The oil major BP is set to become a solar giant that rivals the world’s largest operators. How’s how it plans to get there — and still generate double-digit returns.

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As part of BP’s transformation from an oil giant to an integrated energy company, the London-based firm is set to dominate the solar energy industry. 

Data revealed this week in a series of investor presentations show BP has 16 gigawatts of solar in its pipeline through Lightsource BP, a joint venture formed in 2018 between BP and Lightsource Renewable Energy.

That’s enough to rival China’s State Power Investment Corp. the world’s biggest solar operator, in total solar capacity, according to Bloomberg News. State Power Investment has just under 12 gigawatts of installed solar capacity, according to its website. 

“Wind and solar are already the most competitive new builds in most energy markets,” Dev Sanyal, EVP for gas and low carbon energy at BP, said on a call with investors Tuesday. “This includes fossil fuel markets. We are leading in and planning to build material renewables businesses with an ambition to have developed 50 gigawatts by 2030. “

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BP’s push into solar energy is part of a broader strategy overhaul, first announced in August. By 2030, the company said it will spend $5 billion a year on low-carbon energy and by 2050 it plans to be a net-zero emissions company.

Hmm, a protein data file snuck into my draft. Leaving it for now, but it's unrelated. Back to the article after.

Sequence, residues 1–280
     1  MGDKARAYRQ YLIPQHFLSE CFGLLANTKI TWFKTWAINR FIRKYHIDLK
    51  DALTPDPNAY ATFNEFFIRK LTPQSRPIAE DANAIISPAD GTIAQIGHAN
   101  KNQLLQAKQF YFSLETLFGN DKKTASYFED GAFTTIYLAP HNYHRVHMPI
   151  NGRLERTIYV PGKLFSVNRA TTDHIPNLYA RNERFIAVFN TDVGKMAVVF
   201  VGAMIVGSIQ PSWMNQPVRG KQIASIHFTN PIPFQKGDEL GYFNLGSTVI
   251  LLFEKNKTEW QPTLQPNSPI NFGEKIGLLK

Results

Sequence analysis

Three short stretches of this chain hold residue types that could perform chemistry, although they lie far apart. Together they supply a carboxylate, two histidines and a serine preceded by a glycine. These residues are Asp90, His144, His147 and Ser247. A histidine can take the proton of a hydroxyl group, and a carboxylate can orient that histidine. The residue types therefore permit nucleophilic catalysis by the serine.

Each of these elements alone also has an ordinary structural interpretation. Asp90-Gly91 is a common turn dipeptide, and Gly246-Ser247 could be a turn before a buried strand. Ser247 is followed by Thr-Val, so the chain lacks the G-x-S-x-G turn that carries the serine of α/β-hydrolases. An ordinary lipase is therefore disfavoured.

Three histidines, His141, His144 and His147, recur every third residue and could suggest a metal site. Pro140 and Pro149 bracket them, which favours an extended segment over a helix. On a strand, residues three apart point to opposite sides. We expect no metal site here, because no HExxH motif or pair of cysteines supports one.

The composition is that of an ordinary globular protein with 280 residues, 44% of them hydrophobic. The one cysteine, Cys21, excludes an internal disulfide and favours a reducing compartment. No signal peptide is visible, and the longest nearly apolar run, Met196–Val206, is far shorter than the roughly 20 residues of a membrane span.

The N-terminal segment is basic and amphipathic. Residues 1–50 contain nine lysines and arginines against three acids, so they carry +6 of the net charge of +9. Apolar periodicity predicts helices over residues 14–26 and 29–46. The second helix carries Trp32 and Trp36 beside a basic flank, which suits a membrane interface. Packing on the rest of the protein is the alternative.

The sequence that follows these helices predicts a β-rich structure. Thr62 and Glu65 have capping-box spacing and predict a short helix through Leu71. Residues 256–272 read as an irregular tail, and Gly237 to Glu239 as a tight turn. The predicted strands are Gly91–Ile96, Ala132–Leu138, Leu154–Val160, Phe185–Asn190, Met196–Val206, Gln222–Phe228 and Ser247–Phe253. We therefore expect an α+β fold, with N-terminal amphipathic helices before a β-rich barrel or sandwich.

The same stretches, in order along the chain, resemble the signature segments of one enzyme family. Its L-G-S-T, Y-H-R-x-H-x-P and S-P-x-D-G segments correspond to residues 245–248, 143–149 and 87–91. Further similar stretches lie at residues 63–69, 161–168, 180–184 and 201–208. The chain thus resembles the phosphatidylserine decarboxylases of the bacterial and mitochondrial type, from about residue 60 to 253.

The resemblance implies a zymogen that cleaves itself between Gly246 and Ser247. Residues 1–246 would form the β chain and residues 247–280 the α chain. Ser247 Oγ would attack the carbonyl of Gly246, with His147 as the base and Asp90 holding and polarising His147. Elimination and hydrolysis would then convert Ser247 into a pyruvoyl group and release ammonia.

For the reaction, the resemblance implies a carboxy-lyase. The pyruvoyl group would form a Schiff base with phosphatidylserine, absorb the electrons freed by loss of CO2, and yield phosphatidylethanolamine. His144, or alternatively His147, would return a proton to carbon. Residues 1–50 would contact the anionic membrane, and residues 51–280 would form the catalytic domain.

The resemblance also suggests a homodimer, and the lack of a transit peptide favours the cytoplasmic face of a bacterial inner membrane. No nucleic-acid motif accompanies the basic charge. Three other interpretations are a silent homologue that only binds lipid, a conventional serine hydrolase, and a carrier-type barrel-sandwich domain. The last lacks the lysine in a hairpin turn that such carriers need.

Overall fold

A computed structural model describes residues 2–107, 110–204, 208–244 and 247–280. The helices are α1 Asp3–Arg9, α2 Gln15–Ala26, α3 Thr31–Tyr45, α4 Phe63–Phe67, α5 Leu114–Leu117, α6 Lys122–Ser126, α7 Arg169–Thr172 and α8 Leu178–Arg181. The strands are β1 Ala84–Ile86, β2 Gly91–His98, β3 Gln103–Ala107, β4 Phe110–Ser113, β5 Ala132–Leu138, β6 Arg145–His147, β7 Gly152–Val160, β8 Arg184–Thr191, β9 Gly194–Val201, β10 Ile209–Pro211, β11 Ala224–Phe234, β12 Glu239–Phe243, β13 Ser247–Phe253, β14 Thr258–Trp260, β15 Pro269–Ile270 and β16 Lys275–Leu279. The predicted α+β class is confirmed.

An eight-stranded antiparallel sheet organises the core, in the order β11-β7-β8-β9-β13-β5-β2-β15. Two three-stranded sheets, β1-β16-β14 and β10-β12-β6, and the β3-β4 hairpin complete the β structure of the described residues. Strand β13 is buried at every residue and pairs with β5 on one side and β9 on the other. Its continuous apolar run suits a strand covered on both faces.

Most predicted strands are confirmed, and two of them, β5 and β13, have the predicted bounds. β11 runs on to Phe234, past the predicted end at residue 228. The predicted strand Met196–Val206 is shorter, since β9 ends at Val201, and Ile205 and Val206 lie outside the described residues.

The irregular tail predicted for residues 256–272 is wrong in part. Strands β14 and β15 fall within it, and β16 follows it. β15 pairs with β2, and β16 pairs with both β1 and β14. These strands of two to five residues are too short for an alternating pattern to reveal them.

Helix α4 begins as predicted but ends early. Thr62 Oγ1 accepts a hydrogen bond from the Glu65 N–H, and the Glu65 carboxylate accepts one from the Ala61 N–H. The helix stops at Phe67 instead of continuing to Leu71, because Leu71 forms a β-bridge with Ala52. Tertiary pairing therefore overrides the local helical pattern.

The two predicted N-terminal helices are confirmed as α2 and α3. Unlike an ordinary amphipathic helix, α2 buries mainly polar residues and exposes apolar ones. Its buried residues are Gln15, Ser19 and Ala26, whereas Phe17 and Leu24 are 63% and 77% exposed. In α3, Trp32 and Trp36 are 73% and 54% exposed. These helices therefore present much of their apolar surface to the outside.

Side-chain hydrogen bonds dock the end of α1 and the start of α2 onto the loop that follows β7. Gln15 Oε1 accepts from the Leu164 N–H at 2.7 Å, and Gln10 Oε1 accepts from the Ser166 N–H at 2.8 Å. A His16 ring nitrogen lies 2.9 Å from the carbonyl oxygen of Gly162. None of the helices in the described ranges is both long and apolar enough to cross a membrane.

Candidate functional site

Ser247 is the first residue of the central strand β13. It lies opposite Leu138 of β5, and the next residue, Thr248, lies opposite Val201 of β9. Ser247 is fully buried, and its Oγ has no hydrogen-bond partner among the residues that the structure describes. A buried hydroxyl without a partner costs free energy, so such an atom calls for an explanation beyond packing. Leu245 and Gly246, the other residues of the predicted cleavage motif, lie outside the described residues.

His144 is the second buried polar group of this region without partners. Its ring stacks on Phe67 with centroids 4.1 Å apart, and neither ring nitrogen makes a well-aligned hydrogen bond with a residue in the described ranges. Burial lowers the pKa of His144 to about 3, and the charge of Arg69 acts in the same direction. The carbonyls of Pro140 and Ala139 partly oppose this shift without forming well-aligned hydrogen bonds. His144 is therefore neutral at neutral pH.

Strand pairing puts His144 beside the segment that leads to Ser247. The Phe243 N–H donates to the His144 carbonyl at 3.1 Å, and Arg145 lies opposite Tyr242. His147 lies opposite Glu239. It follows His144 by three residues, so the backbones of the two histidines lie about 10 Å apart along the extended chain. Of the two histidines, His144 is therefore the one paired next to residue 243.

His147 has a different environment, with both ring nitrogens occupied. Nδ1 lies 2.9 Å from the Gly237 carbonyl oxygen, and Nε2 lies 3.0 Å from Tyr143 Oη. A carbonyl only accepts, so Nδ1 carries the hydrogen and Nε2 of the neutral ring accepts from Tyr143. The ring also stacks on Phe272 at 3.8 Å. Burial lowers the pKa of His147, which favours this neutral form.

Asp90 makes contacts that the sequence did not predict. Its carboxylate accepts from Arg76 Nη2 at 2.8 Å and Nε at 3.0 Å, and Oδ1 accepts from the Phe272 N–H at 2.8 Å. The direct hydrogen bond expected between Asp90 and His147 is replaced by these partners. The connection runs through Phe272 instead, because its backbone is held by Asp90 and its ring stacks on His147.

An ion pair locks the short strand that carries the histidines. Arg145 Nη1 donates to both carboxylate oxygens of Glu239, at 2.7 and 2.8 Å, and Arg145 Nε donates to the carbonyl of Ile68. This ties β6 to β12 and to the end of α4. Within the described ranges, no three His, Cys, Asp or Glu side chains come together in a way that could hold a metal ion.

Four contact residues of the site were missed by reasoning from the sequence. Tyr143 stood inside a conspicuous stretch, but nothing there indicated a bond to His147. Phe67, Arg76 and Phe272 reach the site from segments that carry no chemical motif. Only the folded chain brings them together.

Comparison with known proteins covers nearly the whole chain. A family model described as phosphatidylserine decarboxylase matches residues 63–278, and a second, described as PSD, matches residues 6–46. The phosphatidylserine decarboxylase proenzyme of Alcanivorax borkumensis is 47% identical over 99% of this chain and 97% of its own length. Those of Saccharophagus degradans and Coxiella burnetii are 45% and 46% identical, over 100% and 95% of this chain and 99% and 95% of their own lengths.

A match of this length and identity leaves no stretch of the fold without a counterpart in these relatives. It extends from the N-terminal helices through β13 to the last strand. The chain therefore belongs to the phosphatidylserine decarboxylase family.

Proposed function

Total, Shell, and other major oil companies have announced similar commitments but have yet to provide the level of detail BP shared with investors this week. 

How BP will deliver a massive amount of solar energy

Today, BP has about 20 gigawatts of renewable energy in some stage of development and most of that is solar, Bernard Looney, BP’s CEO, told investors. (For perspective, the entire US added a total of about 13 gigawatts of solar energy last year.)

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“How will we be able to do that? Well, we do that through Lightsource BP,” Looney said. “They move at lightning speed.” 

In 2018, the joint venture had less than 2 gigawatts of capacity in the pipeline and operated in just 5 countries. Now it has 16 gigawatts in development and operates in 13 countries including Australia, he said. 

Solar is unique among energy projects, Sanyal said, because developers can move from concept to construction in as few as 18 months. 

“This sector is characterized by fast cycle times, which allows us to grow our pipeline rapidly in the next 5 years,” he said. 

The key ingredients to BP’s solar growth

Lightsource BP says it has five “key ingredients” that drive its growth including “decisions at speed” and “cutting-edge tech.” 

“We are an early adopter of new technology,” Kareen Boutonnat, a cofounder of Lightsource BP, told investors. 

The company began designing plants with bifacial technology this year, for example, which allows solar panels to produce power from both sides. 

Boutonnat also said the company is able to move quickly on potential deals, giving them an advantage, and raise debt for projects “at rapid levels.” 

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Source:: Business Insider

      

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